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COVID-19 is not an equal-opportunity virus. Women still do the lion’s share of parenting tasks amid the pandemic

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Henry, Michele
Publication Date: 
15 Dec 2020


There’s no question dads have stepped up during the pandemic; playing more often with the kids, cooking dinner a few more nights a week, perhaps. Maybe even helping with homework.

But, since March, when the virus tipped everyone’s life upside down, women report they are still doing the lion’s share of parental tasks, according to a new study released Tuesday by Statistics Canada.

While men surveyed as part of “Caring for Their Children; Impacts of COVID-19 on Parents” said they shared equally in some of the tasks during COVID, including putting kids to bed and taking them to school, men working outside the home were less likely to say they did more than women.

But the study showed that even the men who worked from home, appeared to do less than the women. 

“The men were more likely to say they share the tasks equally,” study author Karine Leclerc told the Star. “But men tend to overestimate their contribution to unpaid work related to the family as well as all domestic and parental responsibilities. This trend is well known, in fact.”

This study, along with an unrelated survey conducted in part by YWCA Canada and also released Tuesday, underscores how COVID is not an equal-opportunity virus. While it may not discriminate about who it infects, it seems to prefer messing with the lives and careers of women, forcing them back into the stereotyped gender roles feminism has fought, for so long.

“It has been very, very clear that in the pandemic women have experienced gendered impacts disproportionately,” said Anuradha Dugal, senior director of Community Initiatives and Policy for the Canadian Women’s Foundation.

“Why are women taking on these extra roles? Because they are expected to.”

Lauren Bialystok, associate professor at the Ontario Institute for Studies in Education at the University of Toronto, who researches feminist philosophy, gender and education, said women’s work is often considered more dispensable and more flexible because of the gender-wage gap. If a family has to make tough decisions and adjust to unexpected child-care needs, she said, or if one parent has to take a hit in earning or ask for more time off work, on average it makes sense that it is more likely to be the woman. “We still have a lot of work to do in equalizing the workforce and erasing the gender-wage gap.”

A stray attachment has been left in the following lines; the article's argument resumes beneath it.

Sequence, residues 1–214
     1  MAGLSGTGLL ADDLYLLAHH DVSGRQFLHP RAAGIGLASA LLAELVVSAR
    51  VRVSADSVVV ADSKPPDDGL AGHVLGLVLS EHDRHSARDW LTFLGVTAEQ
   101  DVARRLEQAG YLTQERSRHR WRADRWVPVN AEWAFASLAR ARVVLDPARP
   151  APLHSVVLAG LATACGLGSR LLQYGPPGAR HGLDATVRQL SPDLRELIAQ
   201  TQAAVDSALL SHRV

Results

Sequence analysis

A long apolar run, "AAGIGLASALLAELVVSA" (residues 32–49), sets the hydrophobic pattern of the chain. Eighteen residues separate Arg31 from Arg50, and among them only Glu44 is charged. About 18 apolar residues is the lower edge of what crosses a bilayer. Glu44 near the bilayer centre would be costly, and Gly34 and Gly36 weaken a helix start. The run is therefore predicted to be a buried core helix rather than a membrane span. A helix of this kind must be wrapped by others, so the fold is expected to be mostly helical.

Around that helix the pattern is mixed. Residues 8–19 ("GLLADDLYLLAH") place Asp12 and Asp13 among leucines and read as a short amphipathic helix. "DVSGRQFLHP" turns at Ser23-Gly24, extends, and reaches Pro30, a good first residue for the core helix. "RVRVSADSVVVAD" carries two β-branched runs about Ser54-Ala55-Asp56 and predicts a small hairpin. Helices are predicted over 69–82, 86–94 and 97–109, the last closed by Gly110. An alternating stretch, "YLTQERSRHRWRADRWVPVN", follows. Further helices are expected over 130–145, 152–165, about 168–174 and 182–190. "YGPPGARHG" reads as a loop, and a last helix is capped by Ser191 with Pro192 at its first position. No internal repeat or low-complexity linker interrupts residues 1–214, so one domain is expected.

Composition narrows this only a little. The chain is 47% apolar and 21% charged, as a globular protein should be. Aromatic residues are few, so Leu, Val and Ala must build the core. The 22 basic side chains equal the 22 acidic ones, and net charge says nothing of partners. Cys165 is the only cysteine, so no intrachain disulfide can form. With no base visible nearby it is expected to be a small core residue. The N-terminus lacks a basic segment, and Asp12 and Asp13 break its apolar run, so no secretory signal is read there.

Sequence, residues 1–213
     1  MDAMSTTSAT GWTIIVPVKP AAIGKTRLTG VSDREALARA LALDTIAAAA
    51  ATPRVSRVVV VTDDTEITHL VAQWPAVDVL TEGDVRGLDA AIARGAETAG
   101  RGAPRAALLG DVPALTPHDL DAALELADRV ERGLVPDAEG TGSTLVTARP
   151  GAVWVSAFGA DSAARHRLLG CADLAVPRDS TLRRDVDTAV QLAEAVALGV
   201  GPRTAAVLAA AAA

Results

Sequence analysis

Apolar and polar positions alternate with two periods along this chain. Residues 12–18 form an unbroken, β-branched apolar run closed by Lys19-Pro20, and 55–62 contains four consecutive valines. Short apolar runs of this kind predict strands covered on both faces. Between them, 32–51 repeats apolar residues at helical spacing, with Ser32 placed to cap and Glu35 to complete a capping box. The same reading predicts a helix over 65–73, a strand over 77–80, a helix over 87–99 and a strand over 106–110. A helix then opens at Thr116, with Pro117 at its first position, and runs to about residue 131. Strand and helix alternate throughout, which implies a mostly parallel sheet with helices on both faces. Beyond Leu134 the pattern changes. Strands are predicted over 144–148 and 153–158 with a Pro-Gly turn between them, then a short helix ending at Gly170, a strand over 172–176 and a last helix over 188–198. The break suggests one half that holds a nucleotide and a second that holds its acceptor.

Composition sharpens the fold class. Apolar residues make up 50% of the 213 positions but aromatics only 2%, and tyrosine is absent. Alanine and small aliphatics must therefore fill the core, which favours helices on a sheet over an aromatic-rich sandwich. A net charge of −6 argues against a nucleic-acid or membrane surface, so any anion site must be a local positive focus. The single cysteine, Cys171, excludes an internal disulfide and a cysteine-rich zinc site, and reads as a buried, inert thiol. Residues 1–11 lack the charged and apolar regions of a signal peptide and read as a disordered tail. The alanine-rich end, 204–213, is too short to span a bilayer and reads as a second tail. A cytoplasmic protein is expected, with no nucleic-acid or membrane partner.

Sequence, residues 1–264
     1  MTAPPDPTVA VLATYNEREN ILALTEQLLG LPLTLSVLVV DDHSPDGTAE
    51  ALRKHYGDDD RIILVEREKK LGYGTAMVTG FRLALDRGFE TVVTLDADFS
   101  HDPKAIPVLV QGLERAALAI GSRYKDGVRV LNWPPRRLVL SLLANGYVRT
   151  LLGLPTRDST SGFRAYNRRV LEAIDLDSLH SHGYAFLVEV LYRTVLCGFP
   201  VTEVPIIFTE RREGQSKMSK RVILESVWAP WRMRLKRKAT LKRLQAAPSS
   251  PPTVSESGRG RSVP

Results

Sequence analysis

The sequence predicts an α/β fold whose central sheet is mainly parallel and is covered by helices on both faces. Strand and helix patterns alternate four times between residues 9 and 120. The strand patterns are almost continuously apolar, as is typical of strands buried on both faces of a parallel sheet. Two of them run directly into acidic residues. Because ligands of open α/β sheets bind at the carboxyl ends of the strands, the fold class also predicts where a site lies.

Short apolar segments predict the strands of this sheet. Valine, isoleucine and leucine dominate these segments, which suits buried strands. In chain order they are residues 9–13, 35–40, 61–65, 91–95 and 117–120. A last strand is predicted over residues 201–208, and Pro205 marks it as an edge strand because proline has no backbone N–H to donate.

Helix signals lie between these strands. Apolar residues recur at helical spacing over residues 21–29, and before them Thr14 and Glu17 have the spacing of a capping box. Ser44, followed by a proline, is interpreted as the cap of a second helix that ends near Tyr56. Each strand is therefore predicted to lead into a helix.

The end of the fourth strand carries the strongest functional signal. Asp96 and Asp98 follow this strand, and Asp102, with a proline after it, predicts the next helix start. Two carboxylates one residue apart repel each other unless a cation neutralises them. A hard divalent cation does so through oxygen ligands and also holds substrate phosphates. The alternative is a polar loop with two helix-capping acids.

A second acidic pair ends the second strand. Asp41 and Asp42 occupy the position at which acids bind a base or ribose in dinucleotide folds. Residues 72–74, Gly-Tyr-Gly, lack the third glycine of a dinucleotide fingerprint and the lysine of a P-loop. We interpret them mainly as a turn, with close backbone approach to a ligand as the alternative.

Unlike any other events in recent Canadian history, Dugal said, the pandemic threatens to roll back the strides in gender equality made over the last several decades. That is why, she said, it is imperative to fund the organizations that are fighting for women’s rights.

According to the second survey, conducted by YWCA Canada, Canadian Research Institute for the Advancement of Women (CRIAW), Canadian Women’s Foundation, G(irls)20 and Oxfam Canada, COVID has not just impacted the lives of individual women disproportionately, it has also affected organizations that support them. Roughly half of the 117 grassroots organizations surveyed for this study said they did not have the funding to find their way during this crisis — and have had to reduce or cancel programs, such as child care and mental health and disability support.

Anjum Sultana, national director of Public Policy and strategic communications for YWCA Canada, said these women’s organizations have been underfunded since long before COVID, but now they are slammed with extra expenses, such as trying to move online or provide personal protective equipment. Moving online, she said, has been a particular challenge because many of the clients of these organizations don’t have laptops or Wi-Fi to support getting online services.

Adding insult to injury, she and other stakeholders said, most of these grassroots organizations are staffed by women, who are themselves struggling with all the same issues of the female clients they serve, including extra child-care duties.

Bailey Greenspon, acting co-CEO of G(irls)20, which provides leadership training to marginalized youth, said her small organization has had to cut the hours of its all-women staff in order to stave off layoffs.

But what’s most frustrating, she said, is that her organization is trying to pivot to meet the new demands of the pandemic, but it doesn’t have enough funding to do so. “We have never experienced this before,” she said. “Our funding is restrictive right now and it is difficult to respond to demands.”

The Statistics Canada study surveyed about 1,000 men and women about the domestic duties they performed.

Leclerc, a Statistics Canada Analyst with the Centre for Gender Diversity and Inclusion Statistics, said the respondents were taken from a larger government survey pool of people across Canada and the sample is representative of all Canadians.

Correction — Dec. 15, 2020: This article was edited to correct the spelling of Bailey Greenspon’s surname. The spelling of Anuradha Dugal’s surname was also corrected on second reference. It was clarified that G(irls)20 cuts hours for staff to avoid layoffs.